Of course ICE is a major customer of Geo Group. Geo Group’s federal prison contracting began in 1987 when ICE signed a deal with the company to build and operate an immigrant prison in Colorado called the Aurora ICE Processing Center. Later this year Geo Group will open a new 400 bed immigrant “transfer center” in Louisiana. ICE will pay Geo Group $8.5 million a year to hold detainees in this prison.

Some might remember Julie Myers Wood for presiding over an infamous Halloween costume party at ICE’s Washington D.C. headquarters in 2007. Some ICE employees dressed up as immigrant fugitives. Wood awarded the best costume prize to an ICE employee who donned a dread lock wig and blackface paint, explaining to amused colleagues that he was a Jamaican detainee who had escaped from ICE’s Krome prison near Miami. Wood was accused by the House Committee on Homeland Security of exercising “poor judgement” when she rewarded the employee for the costume, and also of covering up the incident afterward when she ordered the deletion of pictures. The pictures included a photo of her smiling next to the make-believe Jamaican immigrant prisoner. (The pictures were later recovered.)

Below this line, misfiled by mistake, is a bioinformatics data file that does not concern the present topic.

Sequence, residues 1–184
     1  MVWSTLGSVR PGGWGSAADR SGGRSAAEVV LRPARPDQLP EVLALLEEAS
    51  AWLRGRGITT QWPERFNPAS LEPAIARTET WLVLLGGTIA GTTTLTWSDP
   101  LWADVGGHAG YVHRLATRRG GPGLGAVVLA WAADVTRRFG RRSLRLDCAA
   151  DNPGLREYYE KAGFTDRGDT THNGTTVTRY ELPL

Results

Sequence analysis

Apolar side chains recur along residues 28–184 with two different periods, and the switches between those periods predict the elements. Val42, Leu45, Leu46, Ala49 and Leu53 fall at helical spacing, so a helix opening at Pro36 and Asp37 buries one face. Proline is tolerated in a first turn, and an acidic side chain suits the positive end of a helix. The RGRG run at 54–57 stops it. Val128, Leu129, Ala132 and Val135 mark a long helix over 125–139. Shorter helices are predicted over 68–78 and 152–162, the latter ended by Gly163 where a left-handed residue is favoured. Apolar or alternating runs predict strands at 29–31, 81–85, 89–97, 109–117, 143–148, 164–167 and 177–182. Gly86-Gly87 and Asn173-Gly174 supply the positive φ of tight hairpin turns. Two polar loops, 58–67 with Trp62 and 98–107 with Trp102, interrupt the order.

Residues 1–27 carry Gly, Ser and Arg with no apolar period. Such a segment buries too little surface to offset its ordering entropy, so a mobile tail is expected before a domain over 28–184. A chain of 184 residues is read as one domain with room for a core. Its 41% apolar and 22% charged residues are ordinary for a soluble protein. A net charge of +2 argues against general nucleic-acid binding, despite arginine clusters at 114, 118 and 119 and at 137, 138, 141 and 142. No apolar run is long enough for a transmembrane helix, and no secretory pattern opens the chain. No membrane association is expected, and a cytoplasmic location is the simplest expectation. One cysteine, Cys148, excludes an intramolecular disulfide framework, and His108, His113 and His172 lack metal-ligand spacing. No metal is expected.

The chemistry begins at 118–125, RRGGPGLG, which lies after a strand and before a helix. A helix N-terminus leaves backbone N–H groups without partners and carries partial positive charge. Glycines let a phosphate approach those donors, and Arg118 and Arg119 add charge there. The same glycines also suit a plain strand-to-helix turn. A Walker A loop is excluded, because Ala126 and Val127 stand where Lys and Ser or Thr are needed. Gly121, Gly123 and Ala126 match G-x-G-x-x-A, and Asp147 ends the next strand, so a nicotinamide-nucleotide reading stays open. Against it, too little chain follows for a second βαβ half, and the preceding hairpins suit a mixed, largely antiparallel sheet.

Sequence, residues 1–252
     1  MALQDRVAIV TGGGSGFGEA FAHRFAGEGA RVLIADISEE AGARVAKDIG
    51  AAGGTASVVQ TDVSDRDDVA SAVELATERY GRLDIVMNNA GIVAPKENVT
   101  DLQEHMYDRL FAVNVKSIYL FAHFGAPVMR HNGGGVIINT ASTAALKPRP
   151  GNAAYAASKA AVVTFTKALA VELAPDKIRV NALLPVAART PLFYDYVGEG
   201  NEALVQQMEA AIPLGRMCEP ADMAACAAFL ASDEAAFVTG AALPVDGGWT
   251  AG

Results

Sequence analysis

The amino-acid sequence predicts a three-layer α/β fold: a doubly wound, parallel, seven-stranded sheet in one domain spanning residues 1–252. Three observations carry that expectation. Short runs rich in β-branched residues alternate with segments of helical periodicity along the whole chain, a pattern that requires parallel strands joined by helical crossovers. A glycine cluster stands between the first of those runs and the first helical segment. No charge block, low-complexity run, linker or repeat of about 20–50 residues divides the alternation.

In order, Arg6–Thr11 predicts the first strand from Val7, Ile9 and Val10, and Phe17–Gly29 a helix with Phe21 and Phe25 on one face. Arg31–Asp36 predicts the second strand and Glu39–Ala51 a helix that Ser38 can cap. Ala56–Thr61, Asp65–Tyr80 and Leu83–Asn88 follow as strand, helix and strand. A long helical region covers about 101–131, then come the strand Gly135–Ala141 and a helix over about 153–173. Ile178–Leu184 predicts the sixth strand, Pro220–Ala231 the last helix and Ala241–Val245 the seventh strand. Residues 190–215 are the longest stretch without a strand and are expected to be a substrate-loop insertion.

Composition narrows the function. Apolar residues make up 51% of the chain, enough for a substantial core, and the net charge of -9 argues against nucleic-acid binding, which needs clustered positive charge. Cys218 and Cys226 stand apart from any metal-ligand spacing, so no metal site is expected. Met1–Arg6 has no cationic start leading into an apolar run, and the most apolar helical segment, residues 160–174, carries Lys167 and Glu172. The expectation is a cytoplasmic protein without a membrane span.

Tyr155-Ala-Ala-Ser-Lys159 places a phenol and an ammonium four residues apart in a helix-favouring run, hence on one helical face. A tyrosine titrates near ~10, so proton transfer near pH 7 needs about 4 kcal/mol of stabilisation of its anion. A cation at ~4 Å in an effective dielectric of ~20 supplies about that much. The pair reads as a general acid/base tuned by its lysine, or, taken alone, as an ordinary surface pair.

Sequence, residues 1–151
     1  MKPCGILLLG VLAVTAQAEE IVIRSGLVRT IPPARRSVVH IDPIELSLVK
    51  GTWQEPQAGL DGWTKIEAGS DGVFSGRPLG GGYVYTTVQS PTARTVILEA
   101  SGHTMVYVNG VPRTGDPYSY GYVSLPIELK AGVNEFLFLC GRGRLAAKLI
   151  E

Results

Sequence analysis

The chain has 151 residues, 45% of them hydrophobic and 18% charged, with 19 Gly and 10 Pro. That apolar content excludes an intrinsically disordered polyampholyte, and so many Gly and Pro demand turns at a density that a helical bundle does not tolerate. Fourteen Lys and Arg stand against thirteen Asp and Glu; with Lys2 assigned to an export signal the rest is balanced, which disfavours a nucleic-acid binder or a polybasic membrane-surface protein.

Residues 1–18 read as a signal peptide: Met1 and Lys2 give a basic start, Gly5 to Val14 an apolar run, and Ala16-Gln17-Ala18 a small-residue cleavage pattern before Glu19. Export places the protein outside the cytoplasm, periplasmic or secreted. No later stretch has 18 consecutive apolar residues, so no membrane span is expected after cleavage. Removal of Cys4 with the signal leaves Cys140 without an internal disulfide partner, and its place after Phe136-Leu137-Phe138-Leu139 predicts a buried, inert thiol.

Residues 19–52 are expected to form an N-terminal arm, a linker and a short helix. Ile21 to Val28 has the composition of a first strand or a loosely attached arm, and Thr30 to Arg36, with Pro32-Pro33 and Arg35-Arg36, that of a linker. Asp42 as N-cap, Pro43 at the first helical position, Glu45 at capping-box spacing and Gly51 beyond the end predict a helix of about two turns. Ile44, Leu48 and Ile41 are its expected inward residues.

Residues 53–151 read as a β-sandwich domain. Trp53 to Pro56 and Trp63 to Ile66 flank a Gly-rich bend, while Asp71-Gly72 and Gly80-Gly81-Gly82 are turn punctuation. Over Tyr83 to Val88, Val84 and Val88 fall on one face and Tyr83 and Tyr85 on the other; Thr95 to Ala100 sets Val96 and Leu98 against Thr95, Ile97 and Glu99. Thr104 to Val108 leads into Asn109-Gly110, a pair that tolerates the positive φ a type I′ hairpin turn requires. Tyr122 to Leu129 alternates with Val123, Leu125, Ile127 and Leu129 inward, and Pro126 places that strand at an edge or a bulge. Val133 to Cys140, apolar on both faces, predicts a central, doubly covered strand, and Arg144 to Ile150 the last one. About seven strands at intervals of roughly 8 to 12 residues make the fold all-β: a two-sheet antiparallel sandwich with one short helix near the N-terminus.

Colombia’s largest paramilitary ‘landgrabber’ captured in Venezuela: govt

Colombia’s largest paramilitary ‘landgrabber’ captured in Venezuela: govt
Jul 24, 2014 posted by Nicolas Bedoya

Colombian authorities announced on Thursday that Venezuela captured former AUC paramilitary commander Omar Montero Martinez, alias “Codazzi,” who is accused of stealing up to 25,000 acres from farmers in northern Colombia.